No matter where you live in camellia communities around America, I am certain that you can find a camellia collection that has suffered from the forces of time. Although the locations are different, the circumstances are similar. Once upon a time, this garden was cared for by a loving and knowledgeable camellia grower. It was a place where everyone in the area looked to for the very best camellias. The camellia gardener showered his children with love and knew every single one of them by name. Sometimes there would be tags on these camellia children, and other times there would be no tags because the camellia grower did not need these tags. In many instances, things changed when the caretaker of these camellia children possibly moved away. In other cases, the camellia gardener’s health began to decline. Sometimes death separated these camellias from their camellia parents. All of these scenarios seem so sad, but they are common threads that we see every day as we search for our lost loves. So much is lost, but still so much more is waiting to be found!
Johnny Aldrich of Brooklet, Georgia was a local postman with a passion for growing camellias. On the side, he had a small camellia nursery next to his house where he propagated and sold many of his favorites to gardeners in his area. During the time that Johnny was growing registered varieties, he grew many camellias from seed, and he named about twenty varieties after friends and family. This featured variety in this column is one of Johnny’s introductions called ‘Lisa Adele Shuman’. It was named after one of his granddaughters, and it is a spectacular late blooming camellia. This was one of the lost loves that we found hiding in plain sight in Johnny’s old garden. There are many more lost loves waiting for you to find them in your community. Please get out there, and help us look and email photographs of your discoveries to me at email@example.com.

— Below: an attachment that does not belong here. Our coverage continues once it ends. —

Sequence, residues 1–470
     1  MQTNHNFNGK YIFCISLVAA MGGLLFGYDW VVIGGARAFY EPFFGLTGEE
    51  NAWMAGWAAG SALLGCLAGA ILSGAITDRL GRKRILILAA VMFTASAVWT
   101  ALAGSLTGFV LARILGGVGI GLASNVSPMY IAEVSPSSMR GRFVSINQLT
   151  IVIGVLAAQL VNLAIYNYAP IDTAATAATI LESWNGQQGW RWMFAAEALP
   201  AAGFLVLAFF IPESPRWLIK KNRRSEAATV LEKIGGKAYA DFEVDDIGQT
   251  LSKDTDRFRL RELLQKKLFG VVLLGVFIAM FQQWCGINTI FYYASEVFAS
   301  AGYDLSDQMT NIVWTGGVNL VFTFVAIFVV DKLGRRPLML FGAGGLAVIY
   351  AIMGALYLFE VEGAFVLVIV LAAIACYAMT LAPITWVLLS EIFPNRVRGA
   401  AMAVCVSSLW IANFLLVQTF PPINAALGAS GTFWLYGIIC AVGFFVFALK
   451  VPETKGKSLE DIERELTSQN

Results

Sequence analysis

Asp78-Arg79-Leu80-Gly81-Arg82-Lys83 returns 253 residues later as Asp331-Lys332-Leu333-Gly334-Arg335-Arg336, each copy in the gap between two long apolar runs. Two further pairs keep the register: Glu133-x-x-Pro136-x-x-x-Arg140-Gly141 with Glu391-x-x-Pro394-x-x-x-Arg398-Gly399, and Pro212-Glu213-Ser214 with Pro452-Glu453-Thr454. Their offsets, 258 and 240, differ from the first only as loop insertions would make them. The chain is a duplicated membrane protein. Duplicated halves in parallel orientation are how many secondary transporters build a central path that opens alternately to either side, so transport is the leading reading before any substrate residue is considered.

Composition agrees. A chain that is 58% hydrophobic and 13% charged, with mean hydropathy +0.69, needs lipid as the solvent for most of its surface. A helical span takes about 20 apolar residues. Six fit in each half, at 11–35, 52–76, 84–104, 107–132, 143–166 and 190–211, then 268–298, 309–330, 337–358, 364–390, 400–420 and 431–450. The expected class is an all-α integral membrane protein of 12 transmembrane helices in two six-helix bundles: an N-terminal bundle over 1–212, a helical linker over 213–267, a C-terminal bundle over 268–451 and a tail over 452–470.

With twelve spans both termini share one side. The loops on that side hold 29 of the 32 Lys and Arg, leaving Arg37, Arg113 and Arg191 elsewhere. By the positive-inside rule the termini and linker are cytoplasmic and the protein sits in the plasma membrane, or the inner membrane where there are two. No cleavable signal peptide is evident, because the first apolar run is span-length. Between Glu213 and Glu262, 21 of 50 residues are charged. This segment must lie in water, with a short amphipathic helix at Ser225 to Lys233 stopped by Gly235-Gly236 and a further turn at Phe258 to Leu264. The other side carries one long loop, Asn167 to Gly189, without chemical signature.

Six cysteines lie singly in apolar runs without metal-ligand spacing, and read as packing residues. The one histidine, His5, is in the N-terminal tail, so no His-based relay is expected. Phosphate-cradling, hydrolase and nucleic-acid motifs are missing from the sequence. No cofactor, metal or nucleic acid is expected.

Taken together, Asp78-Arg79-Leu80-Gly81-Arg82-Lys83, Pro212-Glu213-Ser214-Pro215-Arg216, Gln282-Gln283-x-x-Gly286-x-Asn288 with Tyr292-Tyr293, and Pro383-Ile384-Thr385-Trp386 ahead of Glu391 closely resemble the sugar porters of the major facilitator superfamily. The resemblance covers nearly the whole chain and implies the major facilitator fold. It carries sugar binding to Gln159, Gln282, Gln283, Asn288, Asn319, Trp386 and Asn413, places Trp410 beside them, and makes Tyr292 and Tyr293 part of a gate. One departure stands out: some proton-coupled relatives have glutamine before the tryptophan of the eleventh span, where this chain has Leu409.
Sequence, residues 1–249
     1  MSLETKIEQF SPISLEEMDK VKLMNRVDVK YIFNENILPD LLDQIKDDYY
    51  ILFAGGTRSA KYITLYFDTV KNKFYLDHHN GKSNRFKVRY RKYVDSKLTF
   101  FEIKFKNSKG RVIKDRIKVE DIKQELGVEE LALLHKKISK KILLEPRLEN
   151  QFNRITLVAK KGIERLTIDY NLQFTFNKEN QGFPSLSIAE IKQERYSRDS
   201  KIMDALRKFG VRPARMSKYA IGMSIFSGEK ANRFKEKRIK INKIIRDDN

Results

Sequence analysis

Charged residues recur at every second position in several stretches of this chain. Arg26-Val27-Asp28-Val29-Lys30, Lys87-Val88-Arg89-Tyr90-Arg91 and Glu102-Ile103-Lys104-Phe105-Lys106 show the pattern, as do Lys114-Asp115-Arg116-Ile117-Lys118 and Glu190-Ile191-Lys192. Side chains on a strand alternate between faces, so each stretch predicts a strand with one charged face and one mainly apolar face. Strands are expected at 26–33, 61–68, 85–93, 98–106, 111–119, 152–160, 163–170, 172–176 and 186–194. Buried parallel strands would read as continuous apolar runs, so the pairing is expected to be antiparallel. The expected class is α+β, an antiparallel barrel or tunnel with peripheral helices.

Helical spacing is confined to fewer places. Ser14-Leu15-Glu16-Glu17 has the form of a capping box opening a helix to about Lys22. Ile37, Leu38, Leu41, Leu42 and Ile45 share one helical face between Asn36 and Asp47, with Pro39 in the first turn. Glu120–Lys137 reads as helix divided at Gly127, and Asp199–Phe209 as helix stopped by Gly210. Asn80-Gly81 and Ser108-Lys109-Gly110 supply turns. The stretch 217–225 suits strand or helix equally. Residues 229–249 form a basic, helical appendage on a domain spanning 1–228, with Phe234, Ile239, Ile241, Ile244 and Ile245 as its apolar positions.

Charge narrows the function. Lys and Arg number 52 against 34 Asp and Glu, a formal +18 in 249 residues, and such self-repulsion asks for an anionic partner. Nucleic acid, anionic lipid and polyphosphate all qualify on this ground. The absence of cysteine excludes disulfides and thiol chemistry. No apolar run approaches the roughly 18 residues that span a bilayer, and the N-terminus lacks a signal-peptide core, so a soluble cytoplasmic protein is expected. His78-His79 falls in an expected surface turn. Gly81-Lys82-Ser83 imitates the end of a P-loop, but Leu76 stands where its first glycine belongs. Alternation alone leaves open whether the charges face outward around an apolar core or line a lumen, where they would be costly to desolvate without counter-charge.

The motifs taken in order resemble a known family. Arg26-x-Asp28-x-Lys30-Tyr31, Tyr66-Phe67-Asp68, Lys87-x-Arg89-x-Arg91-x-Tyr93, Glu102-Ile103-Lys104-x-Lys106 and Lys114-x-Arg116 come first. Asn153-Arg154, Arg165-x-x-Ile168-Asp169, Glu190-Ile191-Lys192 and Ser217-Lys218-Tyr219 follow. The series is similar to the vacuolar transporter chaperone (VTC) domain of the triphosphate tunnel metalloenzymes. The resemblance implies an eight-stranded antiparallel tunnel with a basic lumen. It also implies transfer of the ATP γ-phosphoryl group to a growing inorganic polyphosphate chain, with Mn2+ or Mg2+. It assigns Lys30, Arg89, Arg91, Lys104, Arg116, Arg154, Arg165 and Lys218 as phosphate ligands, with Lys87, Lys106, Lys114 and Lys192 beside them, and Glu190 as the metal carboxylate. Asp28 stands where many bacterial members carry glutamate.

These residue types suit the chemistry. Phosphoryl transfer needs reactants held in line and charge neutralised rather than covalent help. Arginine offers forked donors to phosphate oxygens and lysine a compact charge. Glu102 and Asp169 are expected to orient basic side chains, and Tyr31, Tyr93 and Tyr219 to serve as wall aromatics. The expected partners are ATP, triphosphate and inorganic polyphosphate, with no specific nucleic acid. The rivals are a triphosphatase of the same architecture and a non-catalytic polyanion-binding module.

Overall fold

Gene Phillips has a passion for camellia preservation and writes a regular feature column for the American Camellia Society’s Camellia Journal. To read more of these columns, join the American Camellia Society by visiting their website at www.americancamellias.com